Want great pecs? Avoid these pitfalls
As I get quite frustrated at the gym watching so many aspiring bodybuilders make the same common errors when training their chests, hopefully, what I am about to say will help more and more lifters achieve the full, thick, and dense pecs they work so hard for!
NO. 1 FAILURE TO SET THE TORSO CORRECTLY BEFORE EACH SET
This is absolutely vital when it comes to maximally effective chest training. Before beginning any set of presses or yes, you must make sure to shrug your shoulders downward while at the same time pushing them back into the bench. In addition, the rib cage should be held high while the lower back keeps a slight arch. This position must be maintained from the first repetition to the last if you want your pec fibers to receive the stimulation necessary to grow bigger and stronger.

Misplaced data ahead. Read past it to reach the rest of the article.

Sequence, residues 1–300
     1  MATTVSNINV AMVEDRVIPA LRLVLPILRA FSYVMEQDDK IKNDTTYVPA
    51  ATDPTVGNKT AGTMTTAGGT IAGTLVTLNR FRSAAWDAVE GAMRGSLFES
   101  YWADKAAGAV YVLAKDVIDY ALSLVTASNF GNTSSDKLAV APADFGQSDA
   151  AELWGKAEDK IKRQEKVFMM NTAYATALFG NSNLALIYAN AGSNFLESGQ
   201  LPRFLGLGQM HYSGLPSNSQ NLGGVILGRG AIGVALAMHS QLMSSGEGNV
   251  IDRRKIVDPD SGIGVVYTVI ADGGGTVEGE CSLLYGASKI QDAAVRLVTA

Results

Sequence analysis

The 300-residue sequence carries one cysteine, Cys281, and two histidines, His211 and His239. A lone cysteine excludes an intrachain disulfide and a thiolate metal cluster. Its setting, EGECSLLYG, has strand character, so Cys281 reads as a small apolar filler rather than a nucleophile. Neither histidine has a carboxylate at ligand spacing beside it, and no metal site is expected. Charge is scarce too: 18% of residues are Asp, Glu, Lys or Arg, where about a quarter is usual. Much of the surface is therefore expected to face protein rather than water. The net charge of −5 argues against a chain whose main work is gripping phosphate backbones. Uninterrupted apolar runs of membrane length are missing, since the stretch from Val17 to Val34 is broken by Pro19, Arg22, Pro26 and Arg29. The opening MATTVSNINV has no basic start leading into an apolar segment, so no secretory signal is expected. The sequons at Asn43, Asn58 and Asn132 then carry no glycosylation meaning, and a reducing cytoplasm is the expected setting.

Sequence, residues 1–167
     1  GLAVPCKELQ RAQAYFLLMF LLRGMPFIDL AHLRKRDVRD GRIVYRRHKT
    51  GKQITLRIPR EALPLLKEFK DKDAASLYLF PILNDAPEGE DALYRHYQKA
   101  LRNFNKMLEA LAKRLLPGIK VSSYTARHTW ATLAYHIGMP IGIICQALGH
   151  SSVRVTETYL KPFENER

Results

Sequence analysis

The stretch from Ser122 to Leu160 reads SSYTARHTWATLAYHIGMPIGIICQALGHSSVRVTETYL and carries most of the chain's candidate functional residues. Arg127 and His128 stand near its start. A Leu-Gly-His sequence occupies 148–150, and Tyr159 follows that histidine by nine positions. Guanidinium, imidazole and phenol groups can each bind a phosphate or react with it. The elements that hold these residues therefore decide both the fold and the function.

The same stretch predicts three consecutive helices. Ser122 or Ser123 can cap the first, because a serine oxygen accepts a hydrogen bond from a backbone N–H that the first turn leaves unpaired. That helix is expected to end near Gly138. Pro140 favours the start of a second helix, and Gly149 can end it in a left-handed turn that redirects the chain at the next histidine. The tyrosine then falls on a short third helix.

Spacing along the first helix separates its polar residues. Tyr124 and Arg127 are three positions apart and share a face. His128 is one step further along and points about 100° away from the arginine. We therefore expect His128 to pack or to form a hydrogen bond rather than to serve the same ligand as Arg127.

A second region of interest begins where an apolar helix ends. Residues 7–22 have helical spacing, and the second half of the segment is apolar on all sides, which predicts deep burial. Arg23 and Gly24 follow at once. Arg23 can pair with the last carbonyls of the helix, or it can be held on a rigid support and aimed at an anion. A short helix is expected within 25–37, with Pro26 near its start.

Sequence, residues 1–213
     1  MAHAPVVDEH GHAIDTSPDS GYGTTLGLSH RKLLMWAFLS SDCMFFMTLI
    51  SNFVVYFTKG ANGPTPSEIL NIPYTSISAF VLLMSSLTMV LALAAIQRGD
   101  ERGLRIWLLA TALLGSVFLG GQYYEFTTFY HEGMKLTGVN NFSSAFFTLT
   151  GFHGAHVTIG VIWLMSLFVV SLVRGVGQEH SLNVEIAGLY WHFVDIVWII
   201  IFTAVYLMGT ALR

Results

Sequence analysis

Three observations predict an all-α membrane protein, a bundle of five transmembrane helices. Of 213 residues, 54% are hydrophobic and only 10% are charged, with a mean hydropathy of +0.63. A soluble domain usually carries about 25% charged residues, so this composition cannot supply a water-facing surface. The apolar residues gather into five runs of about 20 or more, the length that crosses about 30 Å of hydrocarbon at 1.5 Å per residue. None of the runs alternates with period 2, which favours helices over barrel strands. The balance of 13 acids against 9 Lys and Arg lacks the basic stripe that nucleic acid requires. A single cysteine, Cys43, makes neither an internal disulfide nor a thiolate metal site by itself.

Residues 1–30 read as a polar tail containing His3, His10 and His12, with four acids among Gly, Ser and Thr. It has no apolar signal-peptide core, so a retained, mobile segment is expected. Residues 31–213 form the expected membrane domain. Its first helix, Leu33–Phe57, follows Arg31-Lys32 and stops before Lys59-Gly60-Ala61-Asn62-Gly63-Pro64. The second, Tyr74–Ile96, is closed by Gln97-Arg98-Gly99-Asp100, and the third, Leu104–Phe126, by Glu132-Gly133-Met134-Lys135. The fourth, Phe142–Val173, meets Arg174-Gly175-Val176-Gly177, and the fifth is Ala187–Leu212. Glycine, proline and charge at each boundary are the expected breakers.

NO. 2 USING AN IMPROPER RANGE OF MOTION
This very common error usually occurs because when it comes to chest training, most lifters focus too intensely on how much weight is on the bar rather than on the quality of each repetition. Going only halfway down does little to engage the pecs (while primarily working anterior delts and triceps). You must make sure to go low enough so that the pecs reach a fully stretched position— the point at which they will contribute most strongly to the concentric (positive) contraction. In addition, it’s best to not completely lock your elbows at the top of a press, which will serve only to take tension o your chest and further exhaust the triceps.
NO. 3 NOT ENOUGH TIME UNDER TENSION (TUT)
If you want to build pure strength and power, then by all means utilize explosive reps. However, if your primary goal is hypertrophy, you need to keep the target muscle under tension for at least 40 seconds. Again, because too many trainees want to impress their social media fans with how much weight they can press, they often fail to exhaust nothing more than their joints and nervous system while leaving the pecs largely under-worked. The best chests have been constructed using sets in the range of eight to 12 reps, while taking between four and five seconds to complete each individual rep.